Police have ripped out more than $100,000 worth of cannabis in the Wakatipu – including one plantation near a Queenstown suburb.
A joint squad of Queenstown and Dunedin officers searching in an Air Force Iroquois helicopter removed hundreds of plants last Sunday and Monday.
Detective senior sergeant Malcolm Inglis, of the Southern District Organised Crime Squad, says up to 100 of the plants were surprisingly located near residential homes at Arthurs Point, Queenstown.
Inglis says it is unusual to find a plantation so close to a residential area in the South Island.
“Down south it is usually in more remote areas,” Inglis says.
“We have such vast terrain and a lot less people, so it’s a lot easier to plant out in the bush.”
Inglis says each plant is valued at $500 to $1000 to sellers and he estimates the total haul is probably worth more than $100,000.
Officers searched swathes of land between Queenstown, Wanaka and Glenorchy during the two-day operation – which comes at the end of the summer growing season.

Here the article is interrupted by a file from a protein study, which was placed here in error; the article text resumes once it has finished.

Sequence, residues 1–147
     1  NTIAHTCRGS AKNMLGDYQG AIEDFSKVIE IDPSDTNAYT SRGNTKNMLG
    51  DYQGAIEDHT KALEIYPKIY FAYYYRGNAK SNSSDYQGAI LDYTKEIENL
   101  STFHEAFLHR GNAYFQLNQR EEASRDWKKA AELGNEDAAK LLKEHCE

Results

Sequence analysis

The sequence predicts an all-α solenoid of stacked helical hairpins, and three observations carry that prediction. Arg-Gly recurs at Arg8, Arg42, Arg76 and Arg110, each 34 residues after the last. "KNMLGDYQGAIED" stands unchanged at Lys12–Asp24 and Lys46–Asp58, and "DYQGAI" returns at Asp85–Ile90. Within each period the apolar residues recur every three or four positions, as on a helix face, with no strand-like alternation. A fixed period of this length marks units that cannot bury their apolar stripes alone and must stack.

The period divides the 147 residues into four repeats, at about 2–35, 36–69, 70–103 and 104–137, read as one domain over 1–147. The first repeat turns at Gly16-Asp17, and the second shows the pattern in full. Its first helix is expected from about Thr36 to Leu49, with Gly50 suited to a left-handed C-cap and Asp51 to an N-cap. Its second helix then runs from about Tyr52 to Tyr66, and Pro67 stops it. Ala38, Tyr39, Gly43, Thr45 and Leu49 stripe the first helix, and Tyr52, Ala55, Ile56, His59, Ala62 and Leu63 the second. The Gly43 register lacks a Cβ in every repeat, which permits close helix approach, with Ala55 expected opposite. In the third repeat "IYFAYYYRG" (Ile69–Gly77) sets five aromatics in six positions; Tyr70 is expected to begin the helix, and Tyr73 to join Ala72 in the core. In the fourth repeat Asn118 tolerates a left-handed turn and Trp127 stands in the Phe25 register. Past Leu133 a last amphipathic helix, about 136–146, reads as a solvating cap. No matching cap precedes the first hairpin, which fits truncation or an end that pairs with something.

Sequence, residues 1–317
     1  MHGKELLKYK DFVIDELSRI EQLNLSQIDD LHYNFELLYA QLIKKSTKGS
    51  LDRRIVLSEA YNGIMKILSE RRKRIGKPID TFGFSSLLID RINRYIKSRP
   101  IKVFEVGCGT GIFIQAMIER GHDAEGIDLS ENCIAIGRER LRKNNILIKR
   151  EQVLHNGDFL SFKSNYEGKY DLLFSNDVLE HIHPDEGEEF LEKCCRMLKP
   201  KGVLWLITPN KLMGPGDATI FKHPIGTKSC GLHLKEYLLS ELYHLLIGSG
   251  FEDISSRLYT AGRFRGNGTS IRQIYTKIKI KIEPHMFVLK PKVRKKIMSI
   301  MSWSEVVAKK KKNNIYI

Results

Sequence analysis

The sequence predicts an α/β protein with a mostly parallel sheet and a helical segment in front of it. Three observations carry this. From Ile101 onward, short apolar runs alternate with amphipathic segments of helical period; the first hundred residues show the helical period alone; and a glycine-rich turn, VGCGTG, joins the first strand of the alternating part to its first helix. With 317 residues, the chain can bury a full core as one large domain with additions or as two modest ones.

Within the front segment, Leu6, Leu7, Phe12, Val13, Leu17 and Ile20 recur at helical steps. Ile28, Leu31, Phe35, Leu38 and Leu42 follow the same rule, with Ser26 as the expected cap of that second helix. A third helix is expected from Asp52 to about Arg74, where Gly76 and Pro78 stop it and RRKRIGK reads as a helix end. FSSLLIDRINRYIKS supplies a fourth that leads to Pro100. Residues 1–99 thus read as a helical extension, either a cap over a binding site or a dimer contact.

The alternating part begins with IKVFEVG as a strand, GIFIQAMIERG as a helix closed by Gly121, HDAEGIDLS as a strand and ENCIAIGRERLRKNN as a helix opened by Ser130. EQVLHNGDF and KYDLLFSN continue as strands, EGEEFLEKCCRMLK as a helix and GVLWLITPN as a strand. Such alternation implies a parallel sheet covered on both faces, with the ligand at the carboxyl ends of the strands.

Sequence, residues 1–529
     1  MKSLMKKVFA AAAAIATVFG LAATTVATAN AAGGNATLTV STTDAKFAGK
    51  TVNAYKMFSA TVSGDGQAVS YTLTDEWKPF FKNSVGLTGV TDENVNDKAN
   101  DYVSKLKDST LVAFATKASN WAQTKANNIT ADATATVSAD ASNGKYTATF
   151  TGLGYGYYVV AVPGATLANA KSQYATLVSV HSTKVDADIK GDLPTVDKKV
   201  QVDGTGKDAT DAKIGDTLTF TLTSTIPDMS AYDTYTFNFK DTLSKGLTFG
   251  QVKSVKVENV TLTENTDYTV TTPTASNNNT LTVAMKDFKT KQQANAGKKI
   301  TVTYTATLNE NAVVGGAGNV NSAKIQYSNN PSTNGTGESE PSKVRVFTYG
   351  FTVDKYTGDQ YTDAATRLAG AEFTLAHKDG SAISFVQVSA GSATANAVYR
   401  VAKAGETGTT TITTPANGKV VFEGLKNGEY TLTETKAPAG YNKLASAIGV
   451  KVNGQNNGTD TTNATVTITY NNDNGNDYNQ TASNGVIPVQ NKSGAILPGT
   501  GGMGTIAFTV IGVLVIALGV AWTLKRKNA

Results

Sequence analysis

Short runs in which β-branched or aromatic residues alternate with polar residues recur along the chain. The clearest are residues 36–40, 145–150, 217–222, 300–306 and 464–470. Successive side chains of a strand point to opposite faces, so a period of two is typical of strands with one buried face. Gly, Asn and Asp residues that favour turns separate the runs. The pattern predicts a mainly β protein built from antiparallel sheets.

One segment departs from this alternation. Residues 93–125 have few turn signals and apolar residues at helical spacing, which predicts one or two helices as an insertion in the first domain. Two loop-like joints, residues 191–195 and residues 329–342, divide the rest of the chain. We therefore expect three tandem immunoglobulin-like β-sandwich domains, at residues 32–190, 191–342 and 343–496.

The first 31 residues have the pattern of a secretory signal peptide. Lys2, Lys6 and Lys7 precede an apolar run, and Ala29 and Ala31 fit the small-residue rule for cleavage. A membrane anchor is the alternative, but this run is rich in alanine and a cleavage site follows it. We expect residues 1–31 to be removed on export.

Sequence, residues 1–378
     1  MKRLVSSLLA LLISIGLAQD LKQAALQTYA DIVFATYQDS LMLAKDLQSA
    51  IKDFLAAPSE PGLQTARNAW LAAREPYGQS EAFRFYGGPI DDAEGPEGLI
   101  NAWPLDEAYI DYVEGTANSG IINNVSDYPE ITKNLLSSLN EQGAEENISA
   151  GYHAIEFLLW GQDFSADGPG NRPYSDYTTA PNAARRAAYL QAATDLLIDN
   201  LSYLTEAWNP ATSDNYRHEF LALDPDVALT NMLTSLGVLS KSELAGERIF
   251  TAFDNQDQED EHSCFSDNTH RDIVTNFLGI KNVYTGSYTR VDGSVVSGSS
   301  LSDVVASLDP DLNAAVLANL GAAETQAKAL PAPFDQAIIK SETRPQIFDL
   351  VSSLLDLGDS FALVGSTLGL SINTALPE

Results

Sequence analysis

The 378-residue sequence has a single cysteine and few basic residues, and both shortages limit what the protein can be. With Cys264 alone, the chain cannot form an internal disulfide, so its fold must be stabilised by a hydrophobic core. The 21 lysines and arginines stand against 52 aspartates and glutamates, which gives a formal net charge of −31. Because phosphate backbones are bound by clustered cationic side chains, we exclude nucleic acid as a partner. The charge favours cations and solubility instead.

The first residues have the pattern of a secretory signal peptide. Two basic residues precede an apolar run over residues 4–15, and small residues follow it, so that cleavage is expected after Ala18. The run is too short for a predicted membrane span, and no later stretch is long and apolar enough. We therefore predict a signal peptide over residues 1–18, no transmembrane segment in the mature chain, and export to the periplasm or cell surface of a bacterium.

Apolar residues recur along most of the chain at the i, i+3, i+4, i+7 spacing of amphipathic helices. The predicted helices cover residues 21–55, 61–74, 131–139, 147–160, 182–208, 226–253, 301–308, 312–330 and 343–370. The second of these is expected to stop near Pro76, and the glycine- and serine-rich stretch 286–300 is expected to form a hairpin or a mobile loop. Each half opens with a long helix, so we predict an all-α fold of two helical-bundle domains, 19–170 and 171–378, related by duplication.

They had been alerted to some plantations by members of the public.
Inglis says: “Officers always have to be pretty careful when we go in. We have to look for booby traps. A major concern is cyanide.
“We certainly wouldn’t have got all of it. It will make a dent in the local market.”
The officer says the cultivators are often associated with gangs.
“The main aim is to try and stop it getting into the community, especially to schools and young people,” Inglis says.
“The problem with cannabis is that it is getting stronger and stronger every year – the THC [active ingredient] levels get higher and higher.
“When we were young the cannabis was like drinking a bottle of Speight’s – now it’s like drinking a bottle of whisky.
“Over the years they have imported seeds from overseas and been able to up the quality.
“They work on the plants like any agricultural industry I suppose, looking to improve their crop.”
The plants will now be destroyed, Inglis says.